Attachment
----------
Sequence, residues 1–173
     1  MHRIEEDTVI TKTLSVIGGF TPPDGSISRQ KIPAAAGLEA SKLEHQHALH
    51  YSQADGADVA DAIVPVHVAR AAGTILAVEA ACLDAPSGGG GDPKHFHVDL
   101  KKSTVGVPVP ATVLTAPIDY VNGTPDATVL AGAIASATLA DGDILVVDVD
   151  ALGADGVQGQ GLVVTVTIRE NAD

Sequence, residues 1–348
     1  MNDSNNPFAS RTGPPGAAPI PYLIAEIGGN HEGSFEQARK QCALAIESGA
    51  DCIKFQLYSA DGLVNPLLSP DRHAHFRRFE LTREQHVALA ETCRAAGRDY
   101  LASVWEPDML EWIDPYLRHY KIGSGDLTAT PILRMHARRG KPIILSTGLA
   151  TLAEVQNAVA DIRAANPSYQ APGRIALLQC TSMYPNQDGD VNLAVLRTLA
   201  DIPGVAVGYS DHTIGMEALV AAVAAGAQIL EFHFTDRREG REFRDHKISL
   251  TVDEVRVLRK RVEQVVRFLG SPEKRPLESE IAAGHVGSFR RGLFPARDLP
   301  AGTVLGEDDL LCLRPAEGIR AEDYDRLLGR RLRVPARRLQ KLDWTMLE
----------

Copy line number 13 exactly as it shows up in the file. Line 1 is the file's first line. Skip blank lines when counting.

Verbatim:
   301  AGTVLGEDDL LCLRPAEGIR AEDYDRLLGR RLRVPARRLQ KLDWTMLE